Cool We Are (Were), by Aly

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Just sayin, for April, we were cool.  We didn’t go rappelling or heli-skiing.  But dressing up and going to the Art Museum for a silent auction and cocktail party was definitely a move in the hip direction.  As excited as I was for our planned date, making small talk and being interesting and engaging is not my forte.  In fact, I would never consider going to a function like this without Kev.  It’s just not “me.”  I am more of a hang out at home and drink wine by the fire kind of girl…even in April.

With that being said, pushing me (or us) out of our comfort zone is what tired dating is all about.  See Naked Glass Walking.   I could say to Kev, “look, I am just not a big crowd kind of girl so let’s just go to dinner and a movie,”  but where will that leave us? Stuck in a no-growth rut, that’s where.  Relationships/marriages need to be pushed and stretched and made to feel uncomfortable at times because it is in those times can one go to another level of intimacy, understanding, and emotional depth.  And sometimes it turns out to be a lot of fun.

Just picture it…the Columbia Museum of Art all lit up as night falls…art appreciators arriving dressed in every range of fashion from artsy grunge to cocktail chic.  Kev could have worn his “More Cowbell” t-shirt  and been received as avant-garde without a doubt.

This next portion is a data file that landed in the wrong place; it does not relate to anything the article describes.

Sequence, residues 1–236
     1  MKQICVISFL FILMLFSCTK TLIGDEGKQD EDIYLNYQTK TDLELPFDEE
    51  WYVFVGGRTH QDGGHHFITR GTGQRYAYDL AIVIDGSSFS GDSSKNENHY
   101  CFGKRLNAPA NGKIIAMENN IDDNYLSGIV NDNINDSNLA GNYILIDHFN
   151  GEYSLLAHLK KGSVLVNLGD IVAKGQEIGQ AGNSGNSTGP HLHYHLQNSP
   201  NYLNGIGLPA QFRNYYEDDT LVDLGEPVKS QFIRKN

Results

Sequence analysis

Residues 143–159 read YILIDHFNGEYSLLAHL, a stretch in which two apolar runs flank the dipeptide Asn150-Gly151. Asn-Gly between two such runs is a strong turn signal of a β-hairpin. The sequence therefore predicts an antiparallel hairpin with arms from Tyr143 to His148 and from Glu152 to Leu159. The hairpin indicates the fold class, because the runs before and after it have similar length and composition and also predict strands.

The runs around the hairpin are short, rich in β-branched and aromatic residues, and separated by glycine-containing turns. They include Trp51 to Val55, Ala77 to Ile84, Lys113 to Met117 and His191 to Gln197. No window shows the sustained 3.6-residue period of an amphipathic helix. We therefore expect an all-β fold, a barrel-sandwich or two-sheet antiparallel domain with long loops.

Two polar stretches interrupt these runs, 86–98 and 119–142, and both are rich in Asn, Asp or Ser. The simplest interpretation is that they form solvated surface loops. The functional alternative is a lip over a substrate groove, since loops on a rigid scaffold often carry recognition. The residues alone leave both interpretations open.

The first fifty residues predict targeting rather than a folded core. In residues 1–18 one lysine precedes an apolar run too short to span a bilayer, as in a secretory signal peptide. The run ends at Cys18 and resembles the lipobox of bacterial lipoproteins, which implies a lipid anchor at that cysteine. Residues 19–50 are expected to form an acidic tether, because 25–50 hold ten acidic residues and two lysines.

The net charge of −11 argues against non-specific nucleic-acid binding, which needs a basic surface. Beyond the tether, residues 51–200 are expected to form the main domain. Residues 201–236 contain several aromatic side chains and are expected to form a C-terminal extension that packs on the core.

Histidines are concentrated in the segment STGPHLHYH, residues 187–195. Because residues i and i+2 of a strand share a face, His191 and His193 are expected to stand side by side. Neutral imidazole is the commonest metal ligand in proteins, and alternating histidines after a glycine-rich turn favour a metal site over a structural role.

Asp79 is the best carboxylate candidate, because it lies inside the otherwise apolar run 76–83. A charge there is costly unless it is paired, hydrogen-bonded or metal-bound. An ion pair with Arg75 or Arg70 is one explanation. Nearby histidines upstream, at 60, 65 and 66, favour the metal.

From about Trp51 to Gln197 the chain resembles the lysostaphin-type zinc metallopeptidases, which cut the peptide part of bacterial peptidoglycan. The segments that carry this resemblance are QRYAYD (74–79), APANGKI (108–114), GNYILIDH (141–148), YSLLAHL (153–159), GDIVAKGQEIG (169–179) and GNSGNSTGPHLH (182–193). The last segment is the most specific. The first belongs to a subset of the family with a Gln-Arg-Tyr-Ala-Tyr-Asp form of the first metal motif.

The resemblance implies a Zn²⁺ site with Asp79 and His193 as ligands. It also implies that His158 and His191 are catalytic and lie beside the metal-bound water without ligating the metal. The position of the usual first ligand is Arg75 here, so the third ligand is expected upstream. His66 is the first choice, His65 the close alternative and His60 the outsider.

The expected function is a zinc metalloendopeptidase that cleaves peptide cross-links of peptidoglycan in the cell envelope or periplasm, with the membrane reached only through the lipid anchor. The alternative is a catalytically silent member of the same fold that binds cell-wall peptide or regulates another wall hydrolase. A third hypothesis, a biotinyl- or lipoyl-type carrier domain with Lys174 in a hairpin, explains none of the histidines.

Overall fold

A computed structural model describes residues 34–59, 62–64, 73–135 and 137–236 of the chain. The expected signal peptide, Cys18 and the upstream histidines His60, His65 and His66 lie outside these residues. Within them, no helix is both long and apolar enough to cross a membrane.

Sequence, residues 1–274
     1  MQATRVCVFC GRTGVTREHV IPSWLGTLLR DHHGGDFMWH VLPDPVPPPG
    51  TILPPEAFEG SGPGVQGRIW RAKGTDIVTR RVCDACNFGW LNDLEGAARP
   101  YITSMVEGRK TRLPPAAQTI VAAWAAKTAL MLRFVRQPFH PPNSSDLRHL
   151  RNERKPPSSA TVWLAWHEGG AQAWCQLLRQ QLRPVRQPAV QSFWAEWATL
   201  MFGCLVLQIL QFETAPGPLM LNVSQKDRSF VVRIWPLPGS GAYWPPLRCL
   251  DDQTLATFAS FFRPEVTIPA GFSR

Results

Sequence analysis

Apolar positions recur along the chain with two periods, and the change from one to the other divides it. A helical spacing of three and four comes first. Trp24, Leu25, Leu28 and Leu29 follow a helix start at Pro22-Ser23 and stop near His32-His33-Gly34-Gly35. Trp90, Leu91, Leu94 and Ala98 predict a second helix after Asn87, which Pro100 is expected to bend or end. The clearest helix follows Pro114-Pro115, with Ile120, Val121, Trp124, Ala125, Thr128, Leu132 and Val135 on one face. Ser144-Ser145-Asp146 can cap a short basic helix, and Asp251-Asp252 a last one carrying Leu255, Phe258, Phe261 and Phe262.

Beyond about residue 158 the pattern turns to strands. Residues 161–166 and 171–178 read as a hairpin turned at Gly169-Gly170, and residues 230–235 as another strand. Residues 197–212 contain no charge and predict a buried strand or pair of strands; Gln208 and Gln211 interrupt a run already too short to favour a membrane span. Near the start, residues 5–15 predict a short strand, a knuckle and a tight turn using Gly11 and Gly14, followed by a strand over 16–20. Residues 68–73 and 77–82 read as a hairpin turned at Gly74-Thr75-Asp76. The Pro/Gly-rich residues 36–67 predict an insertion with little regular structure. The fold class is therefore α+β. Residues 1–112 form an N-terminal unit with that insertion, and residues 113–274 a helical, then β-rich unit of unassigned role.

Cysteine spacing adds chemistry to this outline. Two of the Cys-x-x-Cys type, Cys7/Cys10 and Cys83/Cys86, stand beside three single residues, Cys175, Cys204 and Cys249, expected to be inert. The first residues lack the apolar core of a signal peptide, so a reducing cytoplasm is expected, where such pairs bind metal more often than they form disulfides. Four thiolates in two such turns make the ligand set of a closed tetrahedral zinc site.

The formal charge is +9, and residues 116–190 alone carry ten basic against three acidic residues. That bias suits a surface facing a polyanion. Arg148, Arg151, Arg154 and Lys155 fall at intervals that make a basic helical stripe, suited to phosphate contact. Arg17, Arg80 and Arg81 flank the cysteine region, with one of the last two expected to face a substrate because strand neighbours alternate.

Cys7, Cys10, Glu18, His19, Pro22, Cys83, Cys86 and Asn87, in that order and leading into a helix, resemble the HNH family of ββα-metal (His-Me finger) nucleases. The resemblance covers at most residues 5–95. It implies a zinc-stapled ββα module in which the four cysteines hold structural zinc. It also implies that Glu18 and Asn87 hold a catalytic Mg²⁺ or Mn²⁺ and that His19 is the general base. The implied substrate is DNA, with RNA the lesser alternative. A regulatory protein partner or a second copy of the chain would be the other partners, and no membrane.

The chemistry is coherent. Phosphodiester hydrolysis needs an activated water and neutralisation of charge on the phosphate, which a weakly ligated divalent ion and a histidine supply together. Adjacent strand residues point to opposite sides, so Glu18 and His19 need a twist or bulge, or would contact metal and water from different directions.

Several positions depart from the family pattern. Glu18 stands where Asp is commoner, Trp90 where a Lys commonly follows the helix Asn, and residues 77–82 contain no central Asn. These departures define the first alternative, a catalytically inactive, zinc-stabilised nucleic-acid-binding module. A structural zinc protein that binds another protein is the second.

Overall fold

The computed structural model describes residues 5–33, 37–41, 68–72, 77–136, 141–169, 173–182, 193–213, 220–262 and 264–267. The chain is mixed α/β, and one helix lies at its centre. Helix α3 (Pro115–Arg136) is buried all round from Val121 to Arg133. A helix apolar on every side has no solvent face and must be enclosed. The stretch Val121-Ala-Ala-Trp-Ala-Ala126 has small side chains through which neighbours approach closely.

…and the only cure, is More Cowbell.

There was music, wine, food…and art for sale.  I was feeling very hip and cool.  And having my very own “social butterfly” next to me made it even more enjoyable.  Kev’s ease in a crowd and outgoing demeanor helped me spread my wings a bit.  Over the course of the evening we conversed with several acquaintances whom we had never had the pleasure of getting to know socially.  I also met several of Kev’s colleagues from his new software web world.  I was on a roll!  By ten o’clock the art auction was winding down, but an “after hours” art auction at Hunter Gatherer (a local brewery and restaurant) was next on the schedule, and since we were having such a great time we decided to keep the night going.   By now, approaching ten thirty, we were waaaay off the traditional date radar.  An “after party” at a brewery at TEN THIRTY pm!…I am usually an hour into my stretchy pants by then.

After finding a seat outside we spent the next two hours talking, laughing and sharing our lives with a sweet couple who were also fellow “cool people” for the night.  Inside we could hear the art auction give way eventually to live music.  As the evening closed we parted ways with our friends and expressed thanks for the impromptu “double date,” the great surprise of the evening.  I limped to the car fighting the urge to take my shoes off and walk barefoot through the dark parking lot, but even though I am a little cooler now, I have not lost my senses…metropolitan midnight pavement and sidewalks are full of nasty uncool germs.

Yes, trying new things can be painful but it can also be exciting and rewarding!  Here’s to more “uncomfortable” dates, even if I do decide to wear my Naturalizer flats with a springy cushion innersole.

Dish Rag Date